04 April 2013

Identifying Papa's Father: The Final Chapter

Waiting for the YDNA results was like that tickle you get in your sinuses that makes you want to sneeze.  You can’t sneeze and you can’t itch it so you live with it until the tickle decides to do what it wants to do. The email from FTDNA said there wouldn’t be any test results until the 3rd week of March. OK. Wait. Twiddle thumbs. Re-memorize every name of each young man who was Pearl’s age in town. Check email. Log into FTDNA account. Twiddle thumbs.  Do it all again.  You get the picture.

The night of February 23rd was a tough one. I had recently had surgery for a torn left meniscus and my knee was giving me fits. After hours of lying in bed with no relief from ice packs, a painkiller and a thousand different leg positions, sleeping was not on the agenda, no matter how tired I was.  About 1 am, I grabbed my cell phone as a pain diversion.  Why I thought anyone would email me that late at night is beyond me but for some reason, I looked at my email.  Lo and behold, a message from FTDNA saying you have new DNA matches!

I flew out of bed, right leg almost running, left leg dragging behind. When I got to the living room, I think I scared my hubby and son who were up late, engrossed in an old movie. “Where’s my computer”? “I’ve got DNA matches”! “Maybe we’ll learn who Papa’s father was”!

Nervously logging into the account, I quickly learned I had 782 matches.  These were 12 marker matches.  The results were so broad I could probably learn my mailman was my cousin somewhere in there. It didn’t matter that I probably would not learn my great grandfather’s identity from this.  I was still excited.  Quickly, I began to scan the surnames and locations of my matches.  It didn’t take long to see a pattern. What was most surprising was where all my new “cousins” lived.  Many lived in England or Ireland. It gave me clues that my grandpa’s family came from the British Isles long ago. Most interesting of all? The rest of my matches were from the South: a few from Mississippi, Virginia and Alabama.  The majority seemed to live in North and South Carolina. Papa’s dad must have been a Southerner. With a few exceptions of some ancestors living in Virginia then heading to Canada, Ohio and Indiana, I was pure Yankee. Well, this Yankee girl had some deep Southern roots and I was pretty sure I knew why.

Several surnames repeated in those results. One of those repetitious surnames leaped out at me. It was about 2:30 am. My family had gone to bed. I couldn’t call my mom to tell her what I was finding. I sat alone in the living room absorbing it all. Proving Papa’s paternity through a DNA test was never guaranteed. It was a crap shoot. We could come up empty handed. Here I was on the verge of getting an answer to the biggest question in my life but for some reason, the feeling was almost one of sadness. Why? The tears started to flow.  I knew in my heart the identity of Papa’s father.

One week later, the 37 marker test results came in. There were 24 close matches on it.  The top 6 surname matches were just as I had imagined: the surname was Lawrence.  Presley Evans Lawrence, the young man who was working as a servant/laborer with Pearl Gordon in that duplicate 1900 census and soon after returned to his home state of Virginia, was Papa’s father. After all of these years, we had our answer. We were Lawrences. My grandfather was Walter Henry Lawrence.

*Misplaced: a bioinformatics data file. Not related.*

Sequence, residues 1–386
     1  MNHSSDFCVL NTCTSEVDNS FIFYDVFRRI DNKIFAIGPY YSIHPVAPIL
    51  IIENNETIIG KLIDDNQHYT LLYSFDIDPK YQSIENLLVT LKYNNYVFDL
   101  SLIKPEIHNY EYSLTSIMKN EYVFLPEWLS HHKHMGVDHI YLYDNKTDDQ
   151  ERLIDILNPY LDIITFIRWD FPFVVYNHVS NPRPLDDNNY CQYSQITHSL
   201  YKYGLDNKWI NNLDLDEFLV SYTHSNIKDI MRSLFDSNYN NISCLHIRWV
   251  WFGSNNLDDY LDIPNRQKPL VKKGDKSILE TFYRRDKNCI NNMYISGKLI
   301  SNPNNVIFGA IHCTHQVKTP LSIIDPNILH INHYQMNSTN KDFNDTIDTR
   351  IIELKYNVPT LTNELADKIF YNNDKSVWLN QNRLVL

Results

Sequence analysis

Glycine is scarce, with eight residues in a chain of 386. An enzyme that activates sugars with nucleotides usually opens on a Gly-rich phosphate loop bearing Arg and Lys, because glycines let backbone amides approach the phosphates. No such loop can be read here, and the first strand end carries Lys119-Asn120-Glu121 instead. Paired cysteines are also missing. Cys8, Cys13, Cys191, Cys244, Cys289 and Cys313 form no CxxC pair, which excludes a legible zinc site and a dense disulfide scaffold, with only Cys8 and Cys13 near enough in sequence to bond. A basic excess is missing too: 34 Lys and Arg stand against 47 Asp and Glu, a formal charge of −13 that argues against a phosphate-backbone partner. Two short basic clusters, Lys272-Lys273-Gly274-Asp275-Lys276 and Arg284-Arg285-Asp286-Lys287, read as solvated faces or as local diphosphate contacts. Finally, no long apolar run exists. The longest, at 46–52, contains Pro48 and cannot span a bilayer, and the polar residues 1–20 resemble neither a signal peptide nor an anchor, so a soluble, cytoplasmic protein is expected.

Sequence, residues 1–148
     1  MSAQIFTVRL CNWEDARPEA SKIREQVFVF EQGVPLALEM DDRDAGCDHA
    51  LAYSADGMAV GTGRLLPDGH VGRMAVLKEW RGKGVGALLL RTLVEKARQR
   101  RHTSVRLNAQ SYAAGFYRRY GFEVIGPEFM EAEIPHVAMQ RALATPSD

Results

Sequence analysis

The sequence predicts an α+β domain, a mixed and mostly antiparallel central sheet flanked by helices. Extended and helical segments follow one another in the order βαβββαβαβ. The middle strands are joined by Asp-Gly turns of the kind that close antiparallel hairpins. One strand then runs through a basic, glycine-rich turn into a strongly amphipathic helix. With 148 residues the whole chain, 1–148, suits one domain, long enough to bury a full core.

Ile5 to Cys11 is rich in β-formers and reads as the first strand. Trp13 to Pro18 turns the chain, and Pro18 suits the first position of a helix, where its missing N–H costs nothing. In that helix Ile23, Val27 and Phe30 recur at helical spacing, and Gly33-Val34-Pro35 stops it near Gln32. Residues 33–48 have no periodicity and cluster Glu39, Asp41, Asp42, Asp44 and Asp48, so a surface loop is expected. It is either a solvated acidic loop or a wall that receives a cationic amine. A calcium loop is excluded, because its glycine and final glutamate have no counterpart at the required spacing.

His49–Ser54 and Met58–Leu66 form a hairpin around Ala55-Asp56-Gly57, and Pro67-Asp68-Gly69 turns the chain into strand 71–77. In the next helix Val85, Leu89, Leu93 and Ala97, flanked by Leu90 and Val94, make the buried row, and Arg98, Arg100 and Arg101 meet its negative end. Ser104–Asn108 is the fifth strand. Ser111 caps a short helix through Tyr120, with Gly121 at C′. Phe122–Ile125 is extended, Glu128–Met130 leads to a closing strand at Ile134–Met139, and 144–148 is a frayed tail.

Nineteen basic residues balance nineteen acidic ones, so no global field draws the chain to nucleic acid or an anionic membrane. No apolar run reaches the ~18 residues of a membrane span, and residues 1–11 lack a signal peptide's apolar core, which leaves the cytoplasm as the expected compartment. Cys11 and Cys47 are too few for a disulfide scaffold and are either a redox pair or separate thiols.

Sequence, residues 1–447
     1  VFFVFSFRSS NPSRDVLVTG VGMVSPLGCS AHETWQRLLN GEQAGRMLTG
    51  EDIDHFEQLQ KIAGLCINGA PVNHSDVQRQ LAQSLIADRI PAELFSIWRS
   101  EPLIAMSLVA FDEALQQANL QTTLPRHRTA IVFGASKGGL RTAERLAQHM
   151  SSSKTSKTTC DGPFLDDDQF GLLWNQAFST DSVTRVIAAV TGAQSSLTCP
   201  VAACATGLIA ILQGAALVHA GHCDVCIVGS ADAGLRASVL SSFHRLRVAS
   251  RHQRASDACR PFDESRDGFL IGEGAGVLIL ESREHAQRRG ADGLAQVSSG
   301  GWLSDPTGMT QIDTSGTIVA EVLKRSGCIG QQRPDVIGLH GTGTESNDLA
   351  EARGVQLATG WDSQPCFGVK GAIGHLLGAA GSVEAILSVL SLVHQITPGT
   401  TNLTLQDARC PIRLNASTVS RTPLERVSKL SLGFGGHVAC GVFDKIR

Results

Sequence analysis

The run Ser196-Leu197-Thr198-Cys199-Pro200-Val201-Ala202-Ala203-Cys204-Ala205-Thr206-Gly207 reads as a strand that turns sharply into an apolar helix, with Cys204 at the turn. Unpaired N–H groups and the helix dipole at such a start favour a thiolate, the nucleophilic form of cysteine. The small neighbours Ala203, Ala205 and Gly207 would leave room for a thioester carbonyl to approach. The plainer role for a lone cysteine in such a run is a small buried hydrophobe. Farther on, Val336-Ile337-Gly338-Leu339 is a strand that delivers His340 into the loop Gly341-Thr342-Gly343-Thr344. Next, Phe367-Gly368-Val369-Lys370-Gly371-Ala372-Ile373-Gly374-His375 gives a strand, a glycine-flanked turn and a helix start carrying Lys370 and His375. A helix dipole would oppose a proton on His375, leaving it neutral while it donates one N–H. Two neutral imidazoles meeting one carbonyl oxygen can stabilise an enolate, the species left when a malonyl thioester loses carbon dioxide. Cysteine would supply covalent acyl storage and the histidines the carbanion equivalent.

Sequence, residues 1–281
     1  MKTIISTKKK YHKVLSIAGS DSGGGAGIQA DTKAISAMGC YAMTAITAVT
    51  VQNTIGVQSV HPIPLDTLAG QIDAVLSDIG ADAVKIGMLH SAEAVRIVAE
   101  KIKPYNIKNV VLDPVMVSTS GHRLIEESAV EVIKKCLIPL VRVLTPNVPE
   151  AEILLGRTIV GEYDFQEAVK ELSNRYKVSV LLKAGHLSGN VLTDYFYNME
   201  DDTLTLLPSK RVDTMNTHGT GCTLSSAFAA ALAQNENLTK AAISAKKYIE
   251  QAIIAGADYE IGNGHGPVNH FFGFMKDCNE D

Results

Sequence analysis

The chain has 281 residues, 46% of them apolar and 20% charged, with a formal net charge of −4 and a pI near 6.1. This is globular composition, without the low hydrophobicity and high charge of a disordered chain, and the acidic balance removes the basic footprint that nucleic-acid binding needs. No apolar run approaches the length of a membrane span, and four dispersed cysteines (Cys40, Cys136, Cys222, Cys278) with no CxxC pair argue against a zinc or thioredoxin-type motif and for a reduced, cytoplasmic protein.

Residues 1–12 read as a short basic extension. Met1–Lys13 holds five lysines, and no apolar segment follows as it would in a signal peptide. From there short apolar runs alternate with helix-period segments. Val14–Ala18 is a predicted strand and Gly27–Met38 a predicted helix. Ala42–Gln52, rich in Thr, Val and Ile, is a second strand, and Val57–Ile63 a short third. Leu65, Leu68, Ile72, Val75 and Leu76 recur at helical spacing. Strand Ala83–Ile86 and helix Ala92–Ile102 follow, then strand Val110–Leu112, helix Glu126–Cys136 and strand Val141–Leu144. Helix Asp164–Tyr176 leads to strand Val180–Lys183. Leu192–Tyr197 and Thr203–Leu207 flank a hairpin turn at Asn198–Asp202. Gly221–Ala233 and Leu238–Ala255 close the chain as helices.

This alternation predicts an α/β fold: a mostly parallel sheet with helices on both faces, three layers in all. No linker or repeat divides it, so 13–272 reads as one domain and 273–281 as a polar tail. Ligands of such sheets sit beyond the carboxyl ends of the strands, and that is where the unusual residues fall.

(As a footnote, I want to address the concerns I previously wrote about contacting the family if Papa’s father was identified. We never wanted to reach out to them or cause them any pain. The Lawrence matches on my FTDNA were mostly private. Foolishly, I joined the Lawrence DNA Project, hoping to remain private. The project leader sent an email to me and cc’d the woman who was the closest Lawrence DNA match in my report because she does all the research on that line. I was sick with worry. After much thought, I sent a detailed email to her with our story, my concerns and telling her I would leave the project to prevent hurting anyone. My new cousin wrote back joking that as I researched the family, I’d learn we weren’t the only illegitimate branches on the tree and welcomed me to my new Lawrence family with open arms. I’m happy I made that foolish mistake).


  1. Oh, I remember Presley from an earlier post! I was betting on him (and you probably were too), just the way I "bet" on a character in a mystery story.

    I'm so happy for you . . . and especially happy that the Lawrence researcher joked with you that you weren't the only illegitimate branches. Really, there's no shame in it today in 2013, unless some family members are really "stuck" in the past. We have illegitimate branches in our family, and mixed races from slavery days at that. A few older family members shiver at the thought, but all the younger ones seem perfectly OK with it.

    Congratulations on your persistence and your courage!

    1. If it weren't for that duplicate census, we would be scratching our heads wondering why our YDNA results showed the surname of Lawrence based in the southern states. Thank goodness the Benjamin family included them!

      And, thank you, Mariann. I was stuck on how to tell this story for a few weeks. Should I mention all the names now that there wasn't the harm or hurting an unknowing family or should I continue keeping the individual name's semi-private? I took your advice to write the best part first and the rest just flowed.